My daughter is learning Life Science this year at the 6th-7th grade level, and while I’m generally content with the curriculum we’ve chosen, I think it must be part of my personality to constantly tweak things, looking for ways to improve. If you too are looking to make a year’s worth of Life Science bigger and better, some of these ideas may be worth considering.
My family enjoys unit studies because they’re so flexible and can be tailored to whatever level of intensity we want. I’m having my daughter choose a few projects throughout the year that she’d like to learn more about. So far, she’s made a poster-sized chart about taxonomy and classification of plants and animals, and she wants to try replicating some form Mendelian genetics by crossing different seedlings of green bean plants to vary their characteristics.
Hands-on activities are important when teaching kids about science, so even though it isn’t specifically recommended in our science text, we’re going to dissect a frog. I’m waiting until my daughter has finished the unit on body systems, and then I plan to order a frog and dissecting kit from a science supply store online. Stores like that are chock full of great ideas, experiments, and supplies to help round out your curriculum.
We’re a healthy family, very interested in eating organic and trying to better ourselves and our health whenever possible. So I looked around for a nutrition curriculum to complement the Life Science we were learning, figuring that kids these days are facing an uphill battle against all the junk food and bad habits promoted by our society. There are some really elaborate nutrition programs out there, but I wanted something that only took a short amount of time each week and, preferably, was free. I found a great resource in Nutrition for Healthy Kids, which has free printable lessons to teach kids about nutrition and healthy living. Can’t beat it!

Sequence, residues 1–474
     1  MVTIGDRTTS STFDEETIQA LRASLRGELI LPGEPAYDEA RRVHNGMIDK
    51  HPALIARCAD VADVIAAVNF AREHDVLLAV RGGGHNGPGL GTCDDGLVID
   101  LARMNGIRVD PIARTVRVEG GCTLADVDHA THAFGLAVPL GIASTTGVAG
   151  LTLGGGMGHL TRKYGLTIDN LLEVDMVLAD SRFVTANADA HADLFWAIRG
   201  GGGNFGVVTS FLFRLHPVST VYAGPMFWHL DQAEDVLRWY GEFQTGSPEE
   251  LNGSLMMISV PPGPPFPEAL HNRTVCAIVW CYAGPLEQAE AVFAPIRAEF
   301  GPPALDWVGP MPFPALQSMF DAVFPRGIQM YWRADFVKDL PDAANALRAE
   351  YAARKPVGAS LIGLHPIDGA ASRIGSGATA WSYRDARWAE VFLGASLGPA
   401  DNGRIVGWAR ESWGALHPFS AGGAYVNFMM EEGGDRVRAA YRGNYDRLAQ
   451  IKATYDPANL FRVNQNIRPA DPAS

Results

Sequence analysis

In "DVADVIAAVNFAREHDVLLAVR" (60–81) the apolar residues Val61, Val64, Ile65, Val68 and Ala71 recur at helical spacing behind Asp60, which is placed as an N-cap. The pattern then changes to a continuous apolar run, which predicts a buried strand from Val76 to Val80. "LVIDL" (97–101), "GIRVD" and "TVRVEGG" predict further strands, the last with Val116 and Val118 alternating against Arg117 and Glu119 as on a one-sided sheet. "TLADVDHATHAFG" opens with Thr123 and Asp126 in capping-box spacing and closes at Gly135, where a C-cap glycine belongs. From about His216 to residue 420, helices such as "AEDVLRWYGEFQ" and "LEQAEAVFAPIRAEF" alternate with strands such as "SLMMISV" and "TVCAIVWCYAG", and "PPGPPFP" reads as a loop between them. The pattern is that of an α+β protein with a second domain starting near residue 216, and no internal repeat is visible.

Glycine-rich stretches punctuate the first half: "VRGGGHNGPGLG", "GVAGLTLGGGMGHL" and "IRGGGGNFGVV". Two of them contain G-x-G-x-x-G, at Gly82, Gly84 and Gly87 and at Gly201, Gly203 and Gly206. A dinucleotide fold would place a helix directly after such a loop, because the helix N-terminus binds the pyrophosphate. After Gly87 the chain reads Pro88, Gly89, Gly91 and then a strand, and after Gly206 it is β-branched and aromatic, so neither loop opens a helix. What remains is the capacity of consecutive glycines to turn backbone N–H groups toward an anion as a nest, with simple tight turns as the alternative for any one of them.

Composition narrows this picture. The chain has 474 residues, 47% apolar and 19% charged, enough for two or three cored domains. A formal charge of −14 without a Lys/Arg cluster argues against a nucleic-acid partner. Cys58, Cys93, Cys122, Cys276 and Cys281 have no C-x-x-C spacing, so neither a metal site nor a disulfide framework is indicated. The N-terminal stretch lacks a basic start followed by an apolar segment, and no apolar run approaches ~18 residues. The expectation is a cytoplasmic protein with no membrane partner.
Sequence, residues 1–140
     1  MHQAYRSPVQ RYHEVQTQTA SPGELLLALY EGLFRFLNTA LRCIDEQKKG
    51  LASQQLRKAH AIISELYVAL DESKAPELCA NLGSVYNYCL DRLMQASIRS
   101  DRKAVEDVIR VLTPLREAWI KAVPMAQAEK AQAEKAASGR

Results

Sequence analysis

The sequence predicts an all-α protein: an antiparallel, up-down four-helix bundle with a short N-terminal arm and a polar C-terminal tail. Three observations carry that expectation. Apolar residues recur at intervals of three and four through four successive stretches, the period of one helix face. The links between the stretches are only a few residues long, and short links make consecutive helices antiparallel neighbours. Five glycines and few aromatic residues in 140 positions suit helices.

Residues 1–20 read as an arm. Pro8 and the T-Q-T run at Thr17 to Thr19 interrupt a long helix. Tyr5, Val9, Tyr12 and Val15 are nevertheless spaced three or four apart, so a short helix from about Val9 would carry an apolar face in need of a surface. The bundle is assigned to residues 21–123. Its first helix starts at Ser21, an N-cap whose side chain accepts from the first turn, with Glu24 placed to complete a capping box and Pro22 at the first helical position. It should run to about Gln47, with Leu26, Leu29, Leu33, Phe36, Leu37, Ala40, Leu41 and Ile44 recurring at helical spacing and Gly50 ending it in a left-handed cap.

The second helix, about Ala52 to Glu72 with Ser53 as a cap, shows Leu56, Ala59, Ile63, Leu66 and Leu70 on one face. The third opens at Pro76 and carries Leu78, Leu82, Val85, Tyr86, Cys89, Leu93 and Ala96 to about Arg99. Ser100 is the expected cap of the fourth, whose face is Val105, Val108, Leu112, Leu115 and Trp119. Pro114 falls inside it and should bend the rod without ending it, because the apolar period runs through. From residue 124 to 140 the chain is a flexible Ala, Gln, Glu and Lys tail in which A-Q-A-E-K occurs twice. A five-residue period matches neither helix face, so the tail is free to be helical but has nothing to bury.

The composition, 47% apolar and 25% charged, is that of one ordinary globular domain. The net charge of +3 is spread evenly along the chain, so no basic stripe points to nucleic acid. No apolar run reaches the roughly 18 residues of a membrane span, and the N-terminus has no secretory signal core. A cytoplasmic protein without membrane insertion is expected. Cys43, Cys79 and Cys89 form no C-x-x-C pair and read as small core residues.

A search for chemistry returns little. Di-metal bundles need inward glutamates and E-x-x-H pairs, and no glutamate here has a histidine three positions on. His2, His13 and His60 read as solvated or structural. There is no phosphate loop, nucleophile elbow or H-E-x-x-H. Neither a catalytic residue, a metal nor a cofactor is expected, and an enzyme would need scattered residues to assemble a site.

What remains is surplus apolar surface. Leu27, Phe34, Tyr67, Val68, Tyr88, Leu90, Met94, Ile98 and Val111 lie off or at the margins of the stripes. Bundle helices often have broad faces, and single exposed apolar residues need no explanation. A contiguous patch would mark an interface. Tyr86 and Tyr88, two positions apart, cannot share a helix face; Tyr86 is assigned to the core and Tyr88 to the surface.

There are sometimes resources available in the local community too. The children’s museum in my city offers monthly classes for homeschoolers, and while they don’t always pertain to Life Science, I made sure to sign up my daughter for the ones I thought would be helpful. She’ll be learning how to use a microscope and get some hands-on experience learning about ecosystems and habitat, among other things. One of the farms in our area rents out small incubators each spring that kids can take home and watch a chicken egg hatch. These kinds of opportunities are everywhere, if you know where to look.
Overall, the year is going well and, I have to admit, I’m learning right along with my daughter. She’s enjoying the projects, local classes, and other supplemental things I’ve come up with for Life Science, and adding something extra to a traditional science curriculum has really helped us both stay excited about schoolwork.
About the Author: Jennifer Needham is a curriculum junkie, gardening geek, and homeschooling mom to 5 kids, using Time4Learning.